The optical elements 110 are bonded to the support structure while they are rigidly held via the fixture 400. In one embodiment, an adhesive may be applied in the gap between the support structure 500 and the optical elements 110. One way of doing this is by applying the adhesive onto either or both of the final reference surface 501 or the backsides of the optical elements 110 prior to forcing the optical elements 110 against the final reference surface 501. Eventual excessive adhesive is laterally squished out of the interfacing volume between optical elements 110 and the final reference surface 501. The separation gaps 103 between the optical elements 110 assist thereby in directing the adhesive flow towards the assembly's circumference. Once the adhesive is applied properly it may be cured. In case of a translucent support structure 500 and/or translucent optical elements 110 the adhesive may be a UV curing gel cured by applying a curing UV light via the support structure 500 and/or the optical elements 110.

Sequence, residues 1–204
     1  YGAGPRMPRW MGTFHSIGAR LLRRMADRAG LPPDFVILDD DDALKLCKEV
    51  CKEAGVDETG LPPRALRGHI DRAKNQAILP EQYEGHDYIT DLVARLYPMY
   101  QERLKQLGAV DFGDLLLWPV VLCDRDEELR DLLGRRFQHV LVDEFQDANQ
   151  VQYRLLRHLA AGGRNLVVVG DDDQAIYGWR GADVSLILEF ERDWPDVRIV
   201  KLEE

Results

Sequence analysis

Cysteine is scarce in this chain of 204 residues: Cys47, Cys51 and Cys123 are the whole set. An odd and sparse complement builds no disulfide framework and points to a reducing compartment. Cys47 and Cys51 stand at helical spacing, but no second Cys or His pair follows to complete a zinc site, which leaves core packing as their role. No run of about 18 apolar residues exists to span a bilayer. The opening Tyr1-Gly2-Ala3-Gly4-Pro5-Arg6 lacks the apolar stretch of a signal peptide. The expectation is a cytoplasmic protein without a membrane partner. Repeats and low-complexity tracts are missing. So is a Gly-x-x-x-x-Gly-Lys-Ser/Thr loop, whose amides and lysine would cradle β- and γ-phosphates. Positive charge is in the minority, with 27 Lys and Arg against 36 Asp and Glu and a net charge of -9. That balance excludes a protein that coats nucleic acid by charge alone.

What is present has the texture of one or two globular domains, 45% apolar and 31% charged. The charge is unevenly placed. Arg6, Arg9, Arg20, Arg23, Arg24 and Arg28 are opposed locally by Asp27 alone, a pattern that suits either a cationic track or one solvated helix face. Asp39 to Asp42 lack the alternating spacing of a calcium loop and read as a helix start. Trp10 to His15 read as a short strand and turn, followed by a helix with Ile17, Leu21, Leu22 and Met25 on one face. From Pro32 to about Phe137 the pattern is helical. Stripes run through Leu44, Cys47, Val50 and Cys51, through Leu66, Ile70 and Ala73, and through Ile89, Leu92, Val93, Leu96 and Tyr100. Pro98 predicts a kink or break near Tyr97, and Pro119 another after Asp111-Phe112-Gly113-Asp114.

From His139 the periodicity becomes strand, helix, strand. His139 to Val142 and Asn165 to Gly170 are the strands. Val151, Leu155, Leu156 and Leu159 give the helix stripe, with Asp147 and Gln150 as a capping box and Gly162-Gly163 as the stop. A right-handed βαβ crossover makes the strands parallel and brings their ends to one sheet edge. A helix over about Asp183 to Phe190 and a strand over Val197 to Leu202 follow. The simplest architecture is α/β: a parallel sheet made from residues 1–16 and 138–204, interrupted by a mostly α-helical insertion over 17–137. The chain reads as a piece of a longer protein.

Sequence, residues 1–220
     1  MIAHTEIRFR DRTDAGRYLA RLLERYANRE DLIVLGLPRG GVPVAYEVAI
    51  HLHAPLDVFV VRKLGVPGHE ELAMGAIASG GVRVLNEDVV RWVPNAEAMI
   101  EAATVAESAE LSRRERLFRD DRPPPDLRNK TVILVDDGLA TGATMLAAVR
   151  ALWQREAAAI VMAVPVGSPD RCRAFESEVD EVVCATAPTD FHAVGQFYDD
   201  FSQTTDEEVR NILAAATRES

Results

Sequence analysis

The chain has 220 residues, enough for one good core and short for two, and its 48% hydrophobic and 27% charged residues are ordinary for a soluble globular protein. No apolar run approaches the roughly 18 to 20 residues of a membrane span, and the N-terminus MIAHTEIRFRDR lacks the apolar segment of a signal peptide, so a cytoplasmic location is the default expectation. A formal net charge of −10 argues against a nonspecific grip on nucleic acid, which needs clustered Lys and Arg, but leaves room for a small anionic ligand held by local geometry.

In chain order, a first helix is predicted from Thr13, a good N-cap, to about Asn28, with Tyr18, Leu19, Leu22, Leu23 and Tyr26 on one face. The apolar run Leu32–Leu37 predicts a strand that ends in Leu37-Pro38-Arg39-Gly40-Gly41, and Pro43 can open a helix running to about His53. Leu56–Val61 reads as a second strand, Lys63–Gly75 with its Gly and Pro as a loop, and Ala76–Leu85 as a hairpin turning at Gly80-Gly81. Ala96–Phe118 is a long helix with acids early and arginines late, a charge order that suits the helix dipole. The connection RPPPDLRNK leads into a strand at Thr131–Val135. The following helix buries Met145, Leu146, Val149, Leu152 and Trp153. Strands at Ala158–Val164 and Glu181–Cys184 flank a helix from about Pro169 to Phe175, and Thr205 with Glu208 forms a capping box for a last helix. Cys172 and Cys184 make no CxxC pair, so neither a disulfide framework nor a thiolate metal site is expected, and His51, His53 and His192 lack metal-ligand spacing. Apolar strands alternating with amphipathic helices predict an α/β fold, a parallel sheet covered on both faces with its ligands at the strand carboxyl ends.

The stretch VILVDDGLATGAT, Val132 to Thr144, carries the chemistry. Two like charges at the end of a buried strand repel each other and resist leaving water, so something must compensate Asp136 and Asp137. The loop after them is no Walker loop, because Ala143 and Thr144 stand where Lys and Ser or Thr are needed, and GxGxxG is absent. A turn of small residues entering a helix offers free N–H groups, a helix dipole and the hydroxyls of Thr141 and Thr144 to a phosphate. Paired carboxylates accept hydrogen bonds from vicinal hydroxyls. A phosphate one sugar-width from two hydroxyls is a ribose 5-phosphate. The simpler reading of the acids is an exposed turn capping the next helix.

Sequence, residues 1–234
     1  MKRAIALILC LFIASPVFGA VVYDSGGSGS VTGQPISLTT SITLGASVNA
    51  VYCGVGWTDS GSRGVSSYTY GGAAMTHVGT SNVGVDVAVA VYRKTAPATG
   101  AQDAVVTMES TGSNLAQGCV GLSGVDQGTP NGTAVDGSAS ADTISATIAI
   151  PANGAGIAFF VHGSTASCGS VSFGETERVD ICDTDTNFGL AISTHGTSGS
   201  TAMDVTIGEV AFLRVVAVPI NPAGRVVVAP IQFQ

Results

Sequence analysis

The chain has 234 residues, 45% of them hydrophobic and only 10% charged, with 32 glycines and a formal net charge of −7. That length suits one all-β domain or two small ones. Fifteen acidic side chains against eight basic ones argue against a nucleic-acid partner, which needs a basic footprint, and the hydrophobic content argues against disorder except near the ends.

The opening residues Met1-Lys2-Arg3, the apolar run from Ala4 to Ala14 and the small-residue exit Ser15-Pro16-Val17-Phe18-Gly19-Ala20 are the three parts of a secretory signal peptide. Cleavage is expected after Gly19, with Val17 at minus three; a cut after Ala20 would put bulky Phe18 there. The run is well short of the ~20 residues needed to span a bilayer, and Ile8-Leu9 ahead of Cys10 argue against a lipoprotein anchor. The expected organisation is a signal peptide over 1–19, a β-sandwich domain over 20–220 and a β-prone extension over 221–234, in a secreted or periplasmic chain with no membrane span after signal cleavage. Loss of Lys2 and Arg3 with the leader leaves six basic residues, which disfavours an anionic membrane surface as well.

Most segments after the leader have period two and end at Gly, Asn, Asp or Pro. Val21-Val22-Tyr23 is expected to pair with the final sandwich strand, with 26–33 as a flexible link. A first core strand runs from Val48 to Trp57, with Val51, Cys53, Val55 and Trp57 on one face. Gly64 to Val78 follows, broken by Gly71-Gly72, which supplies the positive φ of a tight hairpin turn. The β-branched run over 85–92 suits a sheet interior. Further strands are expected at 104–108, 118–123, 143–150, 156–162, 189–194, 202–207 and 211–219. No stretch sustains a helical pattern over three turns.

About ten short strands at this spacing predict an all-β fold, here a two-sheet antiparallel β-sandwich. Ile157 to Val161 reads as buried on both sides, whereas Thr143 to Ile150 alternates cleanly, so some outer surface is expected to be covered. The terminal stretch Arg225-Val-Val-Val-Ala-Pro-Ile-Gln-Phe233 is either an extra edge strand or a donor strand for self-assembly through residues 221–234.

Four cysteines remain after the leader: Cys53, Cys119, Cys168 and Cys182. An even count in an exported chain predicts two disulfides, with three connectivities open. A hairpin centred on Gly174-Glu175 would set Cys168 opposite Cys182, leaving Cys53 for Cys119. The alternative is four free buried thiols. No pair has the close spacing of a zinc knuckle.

To prevent eventual outgasing of the fixing medium 600, the optical elements 110 may alternatively be soldered and/or brazed to the support structure. In such a case, layer(s) may be deposited on the support structure and/or the optical elements to assist in establishing a reliable mechanical connection between the optical elements and the support structure 500.